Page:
During Stalin's industrialization, Novosibirsk secured its place as one of the largest industrial centers of Siberia. Several massive industrial facilities were created in there, including the 'Sibkombain' plant, specializing in the production of heavy mining equipment. Additionally a metal processing plant, a food processing plant and other industrial enterprises and factories were built, as well as a new power station. The Great Soviet Famine saw the influx of more than 170,000 refugees to Novosibirsk. The new arrivals settled in barracks at the outskirts of the city, giving rise to slums such as Bolshaya Nakhalovka, Malaya Nakhalovka, and others.
Rapid growth and industrialization were the reasons behind Novosibirsk's nickname: the "Chicago of Siberia".
Tram rails were laid down in 1934, by which time the population had reached 287,000, making Novosibirsk the largest city in Siberia. The following year the original bridge over the Ob River was replaced by the new Kommunalny bridge.
Between 1940 and 1942 more than 50 substantial factories were crated up and relocated from western Russia to Novosibirsk in order to reduce the risk of their destruction through war, and at this time the city became a major supply base for the Red army. During this period the city also received more than 140,000 refugees.
The rapid growth of the city prompted the construction during the 1950s of a hydroelectric power station with a capacity of 400 megawatts, necessitating the creation of a giant water reservoir, now known as the Ob Sea. As a direct result of the station's construction vast areas of fertile land were flooded as were relic pine woods in the area; additionally, the new open space created by the reservoir's surface caused average wind speeds to double, increasing the rate of soil erosion.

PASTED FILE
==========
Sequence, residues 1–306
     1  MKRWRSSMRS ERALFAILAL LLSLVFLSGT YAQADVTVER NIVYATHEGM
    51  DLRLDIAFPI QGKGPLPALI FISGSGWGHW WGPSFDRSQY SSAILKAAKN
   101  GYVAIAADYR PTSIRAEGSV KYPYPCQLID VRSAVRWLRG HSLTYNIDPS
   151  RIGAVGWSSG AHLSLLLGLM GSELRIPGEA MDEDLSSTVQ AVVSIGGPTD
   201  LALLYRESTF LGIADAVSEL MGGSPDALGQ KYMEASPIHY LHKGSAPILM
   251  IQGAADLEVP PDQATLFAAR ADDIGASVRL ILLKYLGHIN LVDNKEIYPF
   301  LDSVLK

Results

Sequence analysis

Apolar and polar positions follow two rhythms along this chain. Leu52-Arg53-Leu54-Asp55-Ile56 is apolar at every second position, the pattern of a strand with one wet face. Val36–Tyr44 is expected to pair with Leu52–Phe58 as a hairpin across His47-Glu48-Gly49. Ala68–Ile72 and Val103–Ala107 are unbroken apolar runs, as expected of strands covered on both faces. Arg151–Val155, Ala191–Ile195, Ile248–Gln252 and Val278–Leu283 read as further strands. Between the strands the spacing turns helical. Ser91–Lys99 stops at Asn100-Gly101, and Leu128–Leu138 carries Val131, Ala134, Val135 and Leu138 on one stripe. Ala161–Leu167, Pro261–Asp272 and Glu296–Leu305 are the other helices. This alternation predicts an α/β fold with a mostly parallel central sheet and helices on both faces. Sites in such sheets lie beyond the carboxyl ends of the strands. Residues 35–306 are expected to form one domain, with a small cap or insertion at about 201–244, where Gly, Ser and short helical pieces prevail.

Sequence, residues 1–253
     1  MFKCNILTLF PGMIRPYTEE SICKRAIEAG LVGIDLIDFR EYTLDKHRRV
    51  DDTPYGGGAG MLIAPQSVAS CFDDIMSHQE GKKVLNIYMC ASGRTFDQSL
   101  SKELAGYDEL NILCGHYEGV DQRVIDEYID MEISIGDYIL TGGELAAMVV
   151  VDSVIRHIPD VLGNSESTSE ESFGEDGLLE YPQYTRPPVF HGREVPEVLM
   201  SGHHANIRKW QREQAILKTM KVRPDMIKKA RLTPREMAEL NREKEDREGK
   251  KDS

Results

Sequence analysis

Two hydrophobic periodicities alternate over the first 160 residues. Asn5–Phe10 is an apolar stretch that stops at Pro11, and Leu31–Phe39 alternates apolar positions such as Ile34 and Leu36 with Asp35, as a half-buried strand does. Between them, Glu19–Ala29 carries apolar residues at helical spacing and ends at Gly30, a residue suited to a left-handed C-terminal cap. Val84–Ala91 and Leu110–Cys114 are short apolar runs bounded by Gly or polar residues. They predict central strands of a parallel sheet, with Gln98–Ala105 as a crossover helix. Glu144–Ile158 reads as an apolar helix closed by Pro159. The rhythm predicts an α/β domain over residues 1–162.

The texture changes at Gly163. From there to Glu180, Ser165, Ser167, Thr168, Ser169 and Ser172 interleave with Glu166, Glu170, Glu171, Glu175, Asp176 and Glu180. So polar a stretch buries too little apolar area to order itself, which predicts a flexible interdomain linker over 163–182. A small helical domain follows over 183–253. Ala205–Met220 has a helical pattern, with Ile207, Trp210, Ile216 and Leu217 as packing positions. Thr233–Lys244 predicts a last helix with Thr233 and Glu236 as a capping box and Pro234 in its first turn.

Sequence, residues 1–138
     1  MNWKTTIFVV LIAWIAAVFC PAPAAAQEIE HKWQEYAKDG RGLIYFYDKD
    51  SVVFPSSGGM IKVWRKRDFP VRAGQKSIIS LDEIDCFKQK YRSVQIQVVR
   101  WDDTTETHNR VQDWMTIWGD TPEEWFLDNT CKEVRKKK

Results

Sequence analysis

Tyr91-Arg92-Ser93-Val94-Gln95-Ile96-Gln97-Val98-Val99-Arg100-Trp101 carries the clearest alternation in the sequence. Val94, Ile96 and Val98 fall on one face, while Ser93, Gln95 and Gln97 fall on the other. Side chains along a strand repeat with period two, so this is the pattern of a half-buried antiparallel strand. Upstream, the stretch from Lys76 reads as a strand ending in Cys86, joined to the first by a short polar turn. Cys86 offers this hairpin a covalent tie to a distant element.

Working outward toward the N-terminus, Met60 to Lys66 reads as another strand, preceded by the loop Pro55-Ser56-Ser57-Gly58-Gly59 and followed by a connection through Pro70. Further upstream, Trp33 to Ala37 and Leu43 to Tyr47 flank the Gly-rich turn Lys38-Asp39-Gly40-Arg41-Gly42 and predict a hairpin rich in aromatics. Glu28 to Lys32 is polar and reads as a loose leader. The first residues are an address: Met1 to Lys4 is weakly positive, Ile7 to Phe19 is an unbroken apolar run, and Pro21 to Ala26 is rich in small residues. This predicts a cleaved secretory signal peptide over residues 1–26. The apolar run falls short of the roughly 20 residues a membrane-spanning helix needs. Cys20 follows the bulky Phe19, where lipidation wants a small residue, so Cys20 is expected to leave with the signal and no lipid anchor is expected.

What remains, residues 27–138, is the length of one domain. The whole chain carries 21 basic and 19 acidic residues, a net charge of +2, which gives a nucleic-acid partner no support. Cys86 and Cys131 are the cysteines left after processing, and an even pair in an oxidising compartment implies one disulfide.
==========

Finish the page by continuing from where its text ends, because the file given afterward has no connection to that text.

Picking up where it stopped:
In the 1950s, the Soviet Government directed that a center for scientific research be built in Novosibirsk, and in 1957 the multi-facility scientific research complex of Akademgorodok was constructed about 30 kilometers (19 mi) south of the city center. The Siberian Division of the Academy of Sciences has its headquarters in Akademgorodok, and the town hosts more than 35 research institutes and universities, among them Novosibirsk State University, one of the top Russian schools in Natural Sciences and Mathematics. Although it possesses a fully autonomous infrastructure, Akademgorodok is administered by Novosibirsk.
On September 2, 1962, the population of Novosibirsk reached one million. At that time, it was the youngest city in the world with over a million people. Novosibirsk took fewer than seventy years to achieve this milestone.
In 1979, work began on the Novosibirsk Metro Transit System, culminating in the opening of the first line in 1985.
On August 1, 2008, Novosibirsk was in the center of the path of a solar eclipse, with a duration of 2 minutes and 20 seconds.
The best-known trees native to Novosibirsk are birch, pine, and aspen. Some mountain ash, hawthorn, spruce, and fir are also present. European species of apple, ash, elm, linden, and oak have been successfully introduced.
Large mammals native to the Novosibirsk area include the brown bear, reindeer, moose (elk), wolf and fox. Also present are wolverine, ermine, marten, weasel, and polecat. The predators among them are supported by populations of beaver, hare, mouse, hamster, vole, shrew, squirrel, and chipmunk. More than 350 species of birds have been recorded in the area. On the other hand, only a few cold-blooded vertebrate species live on land, but they include the venomous adder and the swift grass snake. Perch and carp are prominent among the fish, of which there are more than thirty species. The carp often host a dangerous parasite, the liver fluke. Ticks in the area are frequent carriers of viral encephalitis.
The city stands on the banks of the Ob River in the West Siberian Plain. To the south of the city lies The Priobskoye Plateau.